Is that the key thing someone did for you or someone could do for someone in a similar situation – keep them busy? (MB, KB)

Yes. It was really hard for me to work. At the time I worked from home and I had to quit because I was not doing it very well. I took a job at a local nursing home as an RN passing out meds. Having something to take care of helped a lot. I worked as much as I could. Living on the lake I was on the boat a lot. It is amazing how many friends you have when someone passes away. People would call or stop by. That was very helpful. If anybody thinks they should not call because someone is grieving my advice is to call them. They want to be bothered or they need to bothered, I should say.

I think a lot of people do not say anything because they don’t know what to say.

At the funeral you don’t know everyone who came, but you definitely know everyone who didn’t.

I could not agree with you more. Are there times when you think you see Kassie? (LSB)

I do not think I see her. For the longest time I couldn’t drive by her school. The kids would be outside, her teacher would be outside. It was really hard for me to see. Just recently I started dreaming about her.

What do you dream about?

Everything is good and she is still here and then I wake up and it is crappy. I like the dreams when I have them but then I have to wake up.

How did your step children deal with Kassie’s passing? (LSB)

It was sad. They were a mess. My husband made them come to the funeral. They were part of the ceremony. They were so sad. The Mother’s Day after Kassie passed away was hard for me. Their mom wanted them to spend Mother’s Day with her. But my step daughter told her mom that I needed her more than she did. She is so cute and thoughtful. They are good kids. I am very lucky to have them.

Do you feel any guilt about Kassie passing away? (LSB)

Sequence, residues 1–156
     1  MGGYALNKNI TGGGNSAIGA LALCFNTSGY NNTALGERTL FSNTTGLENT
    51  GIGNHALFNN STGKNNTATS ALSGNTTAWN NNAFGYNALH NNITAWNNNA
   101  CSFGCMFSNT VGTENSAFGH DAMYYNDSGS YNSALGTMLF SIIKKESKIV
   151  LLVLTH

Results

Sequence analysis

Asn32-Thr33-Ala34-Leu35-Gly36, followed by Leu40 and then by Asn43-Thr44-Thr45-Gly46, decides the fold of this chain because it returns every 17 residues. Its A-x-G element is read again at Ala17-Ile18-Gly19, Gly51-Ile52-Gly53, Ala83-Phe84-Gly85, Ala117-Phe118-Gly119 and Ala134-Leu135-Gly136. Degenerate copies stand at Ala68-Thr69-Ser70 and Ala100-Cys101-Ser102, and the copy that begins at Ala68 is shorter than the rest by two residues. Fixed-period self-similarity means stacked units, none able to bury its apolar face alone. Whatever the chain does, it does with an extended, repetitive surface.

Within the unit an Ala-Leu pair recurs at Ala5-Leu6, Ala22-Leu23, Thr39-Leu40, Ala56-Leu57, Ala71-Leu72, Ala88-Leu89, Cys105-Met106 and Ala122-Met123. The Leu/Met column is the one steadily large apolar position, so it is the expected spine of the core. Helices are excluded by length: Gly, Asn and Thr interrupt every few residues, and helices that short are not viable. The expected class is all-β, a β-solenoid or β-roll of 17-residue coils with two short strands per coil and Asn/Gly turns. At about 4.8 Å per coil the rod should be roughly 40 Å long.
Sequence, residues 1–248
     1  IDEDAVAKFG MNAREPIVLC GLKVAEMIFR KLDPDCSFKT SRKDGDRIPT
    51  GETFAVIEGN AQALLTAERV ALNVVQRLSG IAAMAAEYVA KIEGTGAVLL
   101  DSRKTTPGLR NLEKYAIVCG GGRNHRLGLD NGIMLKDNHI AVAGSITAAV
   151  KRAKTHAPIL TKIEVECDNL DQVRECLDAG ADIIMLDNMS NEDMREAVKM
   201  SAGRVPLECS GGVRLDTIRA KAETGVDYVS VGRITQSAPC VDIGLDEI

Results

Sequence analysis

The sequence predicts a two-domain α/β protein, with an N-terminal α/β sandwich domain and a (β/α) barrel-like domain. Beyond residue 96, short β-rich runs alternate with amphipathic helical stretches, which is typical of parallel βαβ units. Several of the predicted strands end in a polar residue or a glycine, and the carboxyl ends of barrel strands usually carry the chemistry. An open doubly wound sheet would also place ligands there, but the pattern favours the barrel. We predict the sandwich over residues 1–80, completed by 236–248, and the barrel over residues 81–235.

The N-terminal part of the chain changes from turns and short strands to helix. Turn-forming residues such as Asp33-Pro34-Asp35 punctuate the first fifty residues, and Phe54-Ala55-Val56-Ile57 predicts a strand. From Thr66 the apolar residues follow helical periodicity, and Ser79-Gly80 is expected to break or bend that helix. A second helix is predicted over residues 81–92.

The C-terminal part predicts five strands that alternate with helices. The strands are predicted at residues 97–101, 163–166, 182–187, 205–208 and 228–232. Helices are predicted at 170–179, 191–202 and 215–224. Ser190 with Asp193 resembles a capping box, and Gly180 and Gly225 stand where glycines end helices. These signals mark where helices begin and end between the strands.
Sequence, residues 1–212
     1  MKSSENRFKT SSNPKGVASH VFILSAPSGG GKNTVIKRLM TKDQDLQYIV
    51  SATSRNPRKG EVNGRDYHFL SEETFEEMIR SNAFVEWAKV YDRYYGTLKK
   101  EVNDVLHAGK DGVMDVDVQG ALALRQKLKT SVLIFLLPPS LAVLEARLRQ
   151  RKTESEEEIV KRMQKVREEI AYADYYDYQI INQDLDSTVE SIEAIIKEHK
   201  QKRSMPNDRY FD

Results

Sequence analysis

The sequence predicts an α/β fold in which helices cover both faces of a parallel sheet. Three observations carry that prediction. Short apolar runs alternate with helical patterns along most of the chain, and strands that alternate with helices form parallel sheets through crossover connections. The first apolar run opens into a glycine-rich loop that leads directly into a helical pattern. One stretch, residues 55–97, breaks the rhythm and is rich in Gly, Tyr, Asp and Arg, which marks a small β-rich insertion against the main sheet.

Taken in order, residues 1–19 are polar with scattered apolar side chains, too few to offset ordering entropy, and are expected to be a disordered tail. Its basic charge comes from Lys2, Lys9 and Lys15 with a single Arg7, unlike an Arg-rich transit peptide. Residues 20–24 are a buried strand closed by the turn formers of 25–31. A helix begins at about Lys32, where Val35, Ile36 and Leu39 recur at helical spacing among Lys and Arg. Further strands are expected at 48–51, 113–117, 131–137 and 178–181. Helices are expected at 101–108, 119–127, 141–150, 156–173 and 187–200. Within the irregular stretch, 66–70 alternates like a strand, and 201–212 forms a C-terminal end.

No, not about her passing away. I think every parent thinks about the times where their child got in trouble. I will admit, at times I would think, “God I wish I could have a normal life where I could sleep all night and not have to give her all of these medications.” I go through some guilt for those types of things but then the intelligent mind comes through and I realize that I loved her and I was a good parent. She still needed to be punished when she did something wrong. She spent a lot of time in the time out chair.

What did people do that you thought were very thoughtless? (MB)

I got an invitation to a baby shower a few months after Kassie died.

Do you prefer people to talk about Kassie with you or would you prefer they do not bring her up? (MB, NL)

There are times I talk about her and I will be totally fine and other times where I talk about her and fall apart. People will be very apologetic. I tell them, “Don’t be sorry. This is what I have to do.” I am not going to break. I am not going to break now.

How did losing Kassie make you look at life differently? (SH)

It sounds cliché but I don’t forget who is important to me. I live every minute like it is my last. I am a huge fan of telling people how much I care about them. It taught me to make decisions like, “Hey let’s jump on a plane and go to Hawaii this weekend.” If I have the money, I will do it. I am all about having fun and living life like it was meant to be lived. I used to be the biggest worrier. About five years ago I could conjure up an anxiety attack with heart palpitations and sweating and now it takes a lot to worry me. Worrying about bills or money? It is only numbers. You can’t live your life that way. It will kill you.